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Dealing with sexism - If you could go back......

(139 Posts)
ToniSH Fri 22-Nov-19 17:01:39

Something I've been thinking a lot about lately, especially with #MeToo and general harassment issues being in the news. Like most "women of a certain age", I've experienced my fair share of subtle and downright disgusting sexism, and often wish I could go back with my 58 year old head on and give 'em what for.
Ironically, by the time we get to the age when we give far fewer Fs, we are bothered less anyway.
Is there anything you wish you'd done or said, back in the day?
For me, although I was pretty vocal about work instances, and paid the price a few times, I actually wish I'd "taken matters further" and made a real stink.

suziewoozie Fri 22-Nov-19 17:13:07

I don’t think you should worry at all - that’s past and things were different. Whst matters now is that you are supportive of younger women whenever it’s clear that they are being subject to sexism. That you call out any men you hear being sexist and that you join those of us on GN in calling out the disgraceful sexism on here exhibited by some posters. Don’t look back, join the current fight

SirChenjin Fri 22-Nov-19 17:17:56

I wish the 19 year old me had gone to town on the female train guard who told me that the men harassing me on a train were “just a bit boozy after being offshore” as she proceeded to leave me on my own with them (they had surrounded me and wouldn’t let me get out of my seat to move to another one).

So many examples actually - it was just one of those things 30/40 years ago. It was all about keeping quiet and not making a scene angry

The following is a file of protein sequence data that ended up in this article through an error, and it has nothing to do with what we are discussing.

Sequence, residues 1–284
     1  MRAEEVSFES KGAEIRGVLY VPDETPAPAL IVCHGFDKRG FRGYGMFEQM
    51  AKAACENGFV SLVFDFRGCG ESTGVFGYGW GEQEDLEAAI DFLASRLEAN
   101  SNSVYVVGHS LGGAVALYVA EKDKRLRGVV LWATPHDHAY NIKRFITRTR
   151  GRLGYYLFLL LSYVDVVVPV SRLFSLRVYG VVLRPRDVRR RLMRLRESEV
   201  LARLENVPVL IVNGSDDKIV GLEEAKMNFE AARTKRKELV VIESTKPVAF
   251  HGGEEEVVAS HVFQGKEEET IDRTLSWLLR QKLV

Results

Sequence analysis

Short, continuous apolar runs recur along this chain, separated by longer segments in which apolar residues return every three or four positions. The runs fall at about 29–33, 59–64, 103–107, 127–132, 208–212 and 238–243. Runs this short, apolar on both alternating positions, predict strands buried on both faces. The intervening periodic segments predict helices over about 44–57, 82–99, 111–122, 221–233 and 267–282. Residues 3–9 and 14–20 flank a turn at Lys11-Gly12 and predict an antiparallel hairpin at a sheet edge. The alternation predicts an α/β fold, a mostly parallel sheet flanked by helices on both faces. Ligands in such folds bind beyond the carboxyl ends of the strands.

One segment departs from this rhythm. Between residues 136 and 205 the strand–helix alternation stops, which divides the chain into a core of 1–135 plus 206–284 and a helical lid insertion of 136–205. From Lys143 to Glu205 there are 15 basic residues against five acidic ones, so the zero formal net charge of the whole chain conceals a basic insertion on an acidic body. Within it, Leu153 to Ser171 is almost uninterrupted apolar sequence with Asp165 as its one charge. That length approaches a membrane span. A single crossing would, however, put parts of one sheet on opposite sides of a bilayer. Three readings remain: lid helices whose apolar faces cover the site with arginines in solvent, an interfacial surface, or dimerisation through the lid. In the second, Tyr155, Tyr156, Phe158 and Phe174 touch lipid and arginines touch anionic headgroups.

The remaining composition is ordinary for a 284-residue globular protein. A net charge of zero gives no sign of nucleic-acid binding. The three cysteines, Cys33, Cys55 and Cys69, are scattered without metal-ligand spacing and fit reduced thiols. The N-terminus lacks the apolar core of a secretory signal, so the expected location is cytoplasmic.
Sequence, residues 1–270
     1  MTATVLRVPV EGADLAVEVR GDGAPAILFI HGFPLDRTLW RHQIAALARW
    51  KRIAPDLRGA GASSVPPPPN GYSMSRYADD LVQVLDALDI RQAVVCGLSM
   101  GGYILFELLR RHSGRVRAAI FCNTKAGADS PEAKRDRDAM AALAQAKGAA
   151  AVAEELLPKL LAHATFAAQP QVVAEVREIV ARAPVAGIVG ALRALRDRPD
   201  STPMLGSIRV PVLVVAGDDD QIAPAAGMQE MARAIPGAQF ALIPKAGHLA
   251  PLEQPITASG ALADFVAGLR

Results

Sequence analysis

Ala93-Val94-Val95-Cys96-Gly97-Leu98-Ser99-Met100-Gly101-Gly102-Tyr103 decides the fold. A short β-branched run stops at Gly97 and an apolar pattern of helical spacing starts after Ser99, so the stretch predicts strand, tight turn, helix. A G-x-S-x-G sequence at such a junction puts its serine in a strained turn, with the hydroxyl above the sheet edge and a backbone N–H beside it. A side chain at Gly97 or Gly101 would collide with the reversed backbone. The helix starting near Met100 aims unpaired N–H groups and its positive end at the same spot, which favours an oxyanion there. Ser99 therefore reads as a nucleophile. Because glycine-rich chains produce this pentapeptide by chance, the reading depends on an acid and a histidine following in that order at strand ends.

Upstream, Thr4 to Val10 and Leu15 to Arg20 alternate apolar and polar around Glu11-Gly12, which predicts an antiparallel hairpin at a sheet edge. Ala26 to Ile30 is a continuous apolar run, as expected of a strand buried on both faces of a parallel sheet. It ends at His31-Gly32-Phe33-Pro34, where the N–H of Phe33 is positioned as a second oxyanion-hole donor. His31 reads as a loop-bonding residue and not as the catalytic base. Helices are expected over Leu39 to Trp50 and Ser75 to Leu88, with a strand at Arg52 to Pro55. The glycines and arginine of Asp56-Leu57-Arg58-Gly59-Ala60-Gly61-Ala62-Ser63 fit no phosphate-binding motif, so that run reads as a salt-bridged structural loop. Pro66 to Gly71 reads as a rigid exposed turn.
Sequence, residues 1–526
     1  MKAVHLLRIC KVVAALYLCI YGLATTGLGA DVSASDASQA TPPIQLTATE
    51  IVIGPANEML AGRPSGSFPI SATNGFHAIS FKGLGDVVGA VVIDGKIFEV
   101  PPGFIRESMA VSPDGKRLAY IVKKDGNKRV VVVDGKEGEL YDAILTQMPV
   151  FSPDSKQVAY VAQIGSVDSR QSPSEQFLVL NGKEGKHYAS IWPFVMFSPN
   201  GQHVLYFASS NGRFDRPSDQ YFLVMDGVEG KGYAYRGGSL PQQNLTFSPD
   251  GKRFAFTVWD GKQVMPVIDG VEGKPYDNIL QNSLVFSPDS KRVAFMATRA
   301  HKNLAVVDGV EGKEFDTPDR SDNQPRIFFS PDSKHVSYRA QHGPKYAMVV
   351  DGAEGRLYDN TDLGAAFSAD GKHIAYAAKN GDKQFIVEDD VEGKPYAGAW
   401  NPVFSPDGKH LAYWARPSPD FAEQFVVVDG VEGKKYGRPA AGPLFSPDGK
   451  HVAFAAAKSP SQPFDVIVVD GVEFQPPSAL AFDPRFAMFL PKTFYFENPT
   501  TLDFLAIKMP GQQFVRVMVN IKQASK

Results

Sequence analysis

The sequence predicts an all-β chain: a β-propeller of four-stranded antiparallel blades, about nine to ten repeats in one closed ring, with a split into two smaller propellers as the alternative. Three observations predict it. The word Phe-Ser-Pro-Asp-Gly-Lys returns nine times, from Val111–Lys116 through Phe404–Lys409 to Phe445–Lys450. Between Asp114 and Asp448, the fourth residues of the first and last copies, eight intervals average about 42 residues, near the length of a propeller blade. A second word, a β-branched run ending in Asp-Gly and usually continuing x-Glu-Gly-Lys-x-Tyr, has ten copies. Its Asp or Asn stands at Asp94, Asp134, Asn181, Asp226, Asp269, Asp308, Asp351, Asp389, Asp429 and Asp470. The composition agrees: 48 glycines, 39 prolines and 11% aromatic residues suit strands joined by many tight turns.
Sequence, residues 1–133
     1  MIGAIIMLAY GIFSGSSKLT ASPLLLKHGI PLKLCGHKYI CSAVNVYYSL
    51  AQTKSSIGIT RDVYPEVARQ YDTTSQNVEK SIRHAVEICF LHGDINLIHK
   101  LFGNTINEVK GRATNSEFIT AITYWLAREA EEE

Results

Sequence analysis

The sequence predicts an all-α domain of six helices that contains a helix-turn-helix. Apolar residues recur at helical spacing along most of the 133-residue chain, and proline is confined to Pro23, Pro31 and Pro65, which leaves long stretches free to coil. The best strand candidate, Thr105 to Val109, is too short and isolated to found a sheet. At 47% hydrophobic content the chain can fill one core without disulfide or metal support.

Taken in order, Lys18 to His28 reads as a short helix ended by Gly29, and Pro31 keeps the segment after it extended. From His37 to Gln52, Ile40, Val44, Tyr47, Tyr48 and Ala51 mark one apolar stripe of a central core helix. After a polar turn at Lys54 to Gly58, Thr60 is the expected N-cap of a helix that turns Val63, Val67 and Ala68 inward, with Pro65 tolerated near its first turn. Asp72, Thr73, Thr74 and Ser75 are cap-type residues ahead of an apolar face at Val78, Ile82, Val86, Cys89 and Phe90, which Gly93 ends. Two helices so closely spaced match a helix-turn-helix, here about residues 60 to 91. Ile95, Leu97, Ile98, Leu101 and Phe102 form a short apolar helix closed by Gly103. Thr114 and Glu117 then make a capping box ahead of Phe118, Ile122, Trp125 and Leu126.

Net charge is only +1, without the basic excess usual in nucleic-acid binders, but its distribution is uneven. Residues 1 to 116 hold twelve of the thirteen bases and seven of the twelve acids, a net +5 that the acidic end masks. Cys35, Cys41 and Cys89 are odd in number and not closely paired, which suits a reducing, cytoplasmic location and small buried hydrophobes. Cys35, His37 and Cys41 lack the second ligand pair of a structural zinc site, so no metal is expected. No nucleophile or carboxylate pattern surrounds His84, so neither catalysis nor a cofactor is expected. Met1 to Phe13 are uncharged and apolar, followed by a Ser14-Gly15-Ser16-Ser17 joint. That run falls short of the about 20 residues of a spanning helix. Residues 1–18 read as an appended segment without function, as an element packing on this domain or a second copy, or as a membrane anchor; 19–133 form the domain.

ToniSH Fri 22-Nov-19 18:09:43

OMG. I'd hope we would be all over that now! As the mother of a 20-something young woman, I can't imagine leaving another young women in that situation.

ToniSH Fri 22-Nov-19 18:12:46

@suziewoozie - Oh, believe me, I'm on it now. It's my passion. I do think however, that we can use our 20-20 hindsight to help young women. They don't have the confidence to do what we know we could/should have done back then.
I'm very proud of young women today,. Despite some older, famous women like Anne Robinson calling them "not robust" etc, I think they are showing great strength in standing up to it. While I think we were strong in our sheer endurance, there's a lot of strength in young women who say "Nope, I'm not putting up with it any more."

FlexibleFriend Fri 22-Nov-19 18:56:47

No because I responded in the way I should have at the time, I've never allowed anyone to get away with touching me inappropriately without telling them what I thought in no uncertain terms. Nothing like an elbow or knee in the bollocks to make a point.

SirChenjin Fri 22-Nov-19 19:13:44

How would you have reacted to a group of men raping you or sexually assaulting you?